By Sally Pearsall Ericson Director of Marketing and Public Relations On March 12, 1953, Walter…
By Sally Pearsall Ericson
Director of Marketing and Public Relations
For the first time since 1999, a new captain is taking the helm at Bellingrath Gardens and Home. Dr. F. Todd Lasseigne, the former President and CEO at Tulsa Botanic Garden, will step into his new role on Sept. 1, 2020, replacing Dr. Bill Barrick, who retired in July 2019.
So, who’s the new guy, and how does he pronounce his last name? More importantly, which tailgates would he attend, if the 2020 football season were to permit him to do so? Here are a few pertinent facts about Dr. Lasseigne, gleaned during a wide-ranging Zoom interview:
His horticulture roots run deep.
Dr. Lasseigne grew up in Thibodaux, La., with parents and grandparents who loved gardening. “It was in my blood,” he said. ‘I knew in high school that I just wanted to do this.” He earned his first degree from the University of Louisiana at Lafayette, then moved on to the University of Georgia to earn his Master of Science degree in horticulture. In the midst of his studies, a new opportunity arose: The Martin McLaren Horticultural Scholarship from the Garden Club of America, which led to a 10-month fellowship in the United Kingdom.
“I studied gardens, horticultural history, plant conservation — everything you can think of,” he remembered. He learned about plant conservation at the Kew Gardens in Richmond, took classes at Reading University and visited, by his estimate, “probably 85 gardens” during his fellowship. “I put 13,000 miles on that car in one year, which is a big deal in England,” he said. “It really cemented for me a love for the garden side, because I thought I was going to be a college professor.”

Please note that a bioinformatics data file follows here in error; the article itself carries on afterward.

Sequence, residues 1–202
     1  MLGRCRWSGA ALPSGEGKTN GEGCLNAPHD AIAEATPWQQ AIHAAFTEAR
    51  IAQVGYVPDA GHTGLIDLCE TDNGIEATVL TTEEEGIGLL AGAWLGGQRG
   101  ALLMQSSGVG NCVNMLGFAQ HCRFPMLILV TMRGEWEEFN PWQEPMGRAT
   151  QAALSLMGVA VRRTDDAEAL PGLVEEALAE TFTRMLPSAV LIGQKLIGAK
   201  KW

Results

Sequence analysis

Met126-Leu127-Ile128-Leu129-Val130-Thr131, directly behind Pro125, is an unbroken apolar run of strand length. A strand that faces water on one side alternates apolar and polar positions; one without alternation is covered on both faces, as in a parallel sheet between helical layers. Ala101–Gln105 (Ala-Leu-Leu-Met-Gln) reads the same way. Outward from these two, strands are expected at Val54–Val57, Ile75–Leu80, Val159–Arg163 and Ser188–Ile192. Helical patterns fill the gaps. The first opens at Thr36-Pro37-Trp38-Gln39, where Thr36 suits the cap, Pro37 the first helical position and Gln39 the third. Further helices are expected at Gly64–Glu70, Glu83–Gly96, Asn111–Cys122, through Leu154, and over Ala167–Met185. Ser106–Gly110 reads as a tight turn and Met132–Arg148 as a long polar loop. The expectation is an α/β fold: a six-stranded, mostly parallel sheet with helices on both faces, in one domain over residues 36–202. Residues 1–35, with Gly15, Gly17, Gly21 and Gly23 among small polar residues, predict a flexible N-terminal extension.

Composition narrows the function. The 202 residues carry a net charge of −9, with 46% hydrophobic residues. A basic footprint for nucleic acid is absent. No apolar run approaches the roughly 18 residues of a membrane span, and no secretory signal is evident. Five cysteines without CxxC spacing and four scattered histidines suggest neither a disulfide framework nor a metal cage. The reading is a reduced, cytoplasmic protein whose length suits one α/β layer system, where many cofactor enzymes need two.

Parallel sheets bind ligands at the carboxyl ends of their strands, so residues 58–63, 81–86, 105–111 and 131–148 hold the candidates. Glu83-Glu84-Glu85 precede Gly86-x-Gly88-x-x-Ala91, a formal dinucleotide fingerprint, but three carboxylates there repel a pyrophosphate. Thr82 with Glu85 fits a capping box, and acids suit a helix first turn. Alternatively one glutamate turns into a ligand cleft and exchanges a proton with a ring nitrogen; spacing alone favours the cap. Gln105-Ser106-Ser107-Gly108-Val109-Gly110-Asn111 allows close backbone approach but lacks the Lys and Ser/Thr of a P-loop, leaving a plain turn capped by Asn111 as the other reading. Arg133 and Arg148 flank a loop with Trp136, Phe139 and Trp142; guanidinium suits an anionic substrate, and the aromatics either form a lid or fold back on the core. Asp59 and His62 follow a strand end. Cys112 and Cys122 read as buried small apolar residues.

After returning to Athens and completing his degree, he headed to N.C. State University in Raleigh, N.C., to earn his doctorate under the tutelage of renowned horticulturist J.C. Raulston, who was credited as a major force in introducing new plants and revitalizing the U.S. nursery industry. However, in a tragic turn of events, Raulston was killed in a car crash in 1996, at the end of Lasseigne’s first year of study. “It was a life-changing experience for a great many people, and certainly for me, because I wanted him to be my mentor,” said Lasseigne, who began taking on several of Raulston’s duties while continuing work on his Ph.D. in horticultural science. Lasseigne taught courses in plant identification and became an assistant director at the arboretum at N.C. State, which was renamed in Raulston’s memory.
He’s an international plant finder.
Raulston had been actively finding new plants and introducing them to the nursery industry and to the public, so Lasseigne took up the role of plant explorer as well. “I was kind of the head plant geek,” he said, working with nursery representatives and gardens officials across the country, particularly in the Southeast and Pacific Northwest. He also did expeditionary work in England and in the Republic of Georgia, which led to fruitful international connections.